from the stop-or-i'll-say-stop-again dept.
jd writes "There are many pieces of software out there, such as seL4 (kindly brought to my attention by another reader), where the vendor has indeed engineered something that they're entitled to Close Source, but where their closed-source license includes the modifications to GPLed software such as the Linux kernel. Then there's a second type of behavior. Code Sourcery produced two versions of their VSIPL++ image processing library — one closed-source, one GPLed. It was extremely decent of them. When Mentor Graphics bought Code Sourcery, they continued developing the closed-course one and discontinued, then deleted, the GPL variant. It's unclear to me if that's kosher, as the closed variant must contain code that had been GPLed at one point. Here's the problem: complaining too much will mean we get code now that maybe four or five people, tops, will actually care about. It will also make corporations leery of any other such work in future, where that work will be of greater value to a greater number of people. So, the question I want to ask is this: When is it a good time to complain? By what rule-of-thumb might you decide that one violation is worth cracking down on, and another should be let go to help encourage work we're never going to do ourselves?"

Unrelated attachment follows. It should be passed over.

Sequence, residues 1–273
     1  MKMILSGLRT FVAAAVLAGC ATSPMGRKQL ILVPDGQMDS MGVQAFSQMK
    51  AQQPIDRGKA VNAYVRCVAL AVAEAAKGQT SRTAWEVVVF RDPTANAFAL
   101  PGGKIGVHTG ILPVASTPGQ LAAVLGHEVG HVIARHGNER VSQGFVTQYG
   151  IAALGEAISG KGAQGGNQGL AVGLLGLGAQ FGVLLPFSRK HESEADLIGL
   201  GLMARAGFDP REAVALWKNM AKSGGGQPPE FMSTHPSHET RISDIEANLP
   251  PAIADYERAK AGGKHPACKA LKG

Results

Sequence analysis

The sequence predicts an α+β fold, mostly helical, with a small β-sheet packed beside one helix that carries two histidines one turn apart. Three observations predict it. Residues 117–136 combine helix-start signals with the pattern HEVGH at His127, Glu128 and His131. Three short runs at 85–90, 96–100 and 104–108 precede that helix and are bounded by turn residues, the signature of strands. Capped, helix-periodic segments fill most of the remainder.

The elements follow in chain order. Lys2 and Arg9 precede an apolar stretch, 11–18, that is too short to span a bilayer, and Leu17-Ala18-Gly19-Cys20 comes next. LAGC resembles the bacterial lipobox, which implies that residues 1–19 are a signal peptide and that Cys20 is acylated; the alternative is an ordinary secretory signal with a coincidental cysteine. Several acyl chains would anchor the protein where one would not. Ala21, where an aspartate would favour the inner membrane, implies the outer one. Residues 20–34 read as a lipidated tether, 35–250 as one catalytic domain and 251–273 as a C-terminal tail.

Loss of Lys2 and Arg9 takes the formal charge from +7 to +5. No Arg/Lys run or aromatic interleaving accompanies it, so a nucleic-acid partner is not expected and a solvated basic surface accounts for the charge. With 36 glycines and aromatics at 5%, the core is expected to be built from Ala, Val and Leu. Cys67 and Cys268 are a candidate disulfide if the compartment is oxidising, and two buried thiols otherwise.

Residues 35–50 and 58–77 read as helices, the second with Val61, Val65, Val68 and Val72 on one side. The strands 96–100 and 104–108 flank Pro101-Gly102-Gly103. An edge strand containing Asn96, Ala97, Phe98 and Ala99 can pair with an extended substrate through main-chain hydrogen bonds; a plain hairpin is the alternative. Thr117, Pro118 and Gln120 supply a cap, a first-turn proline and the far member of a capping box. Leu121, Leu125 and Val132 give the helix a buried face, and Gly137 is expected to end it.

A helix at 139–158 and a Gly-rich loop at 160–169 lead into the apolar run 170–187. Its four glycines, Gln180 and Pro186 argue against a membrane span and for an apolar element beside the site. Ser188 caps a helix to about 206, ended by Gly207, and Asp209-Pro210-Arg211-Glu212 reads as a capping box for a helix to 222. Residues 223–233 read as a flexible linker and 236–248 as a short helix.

This is the theory that Jack built.
This is the flaw that lay in the theory that Jack built.
This is the palpable verbal haze that hid the flaw that lay in...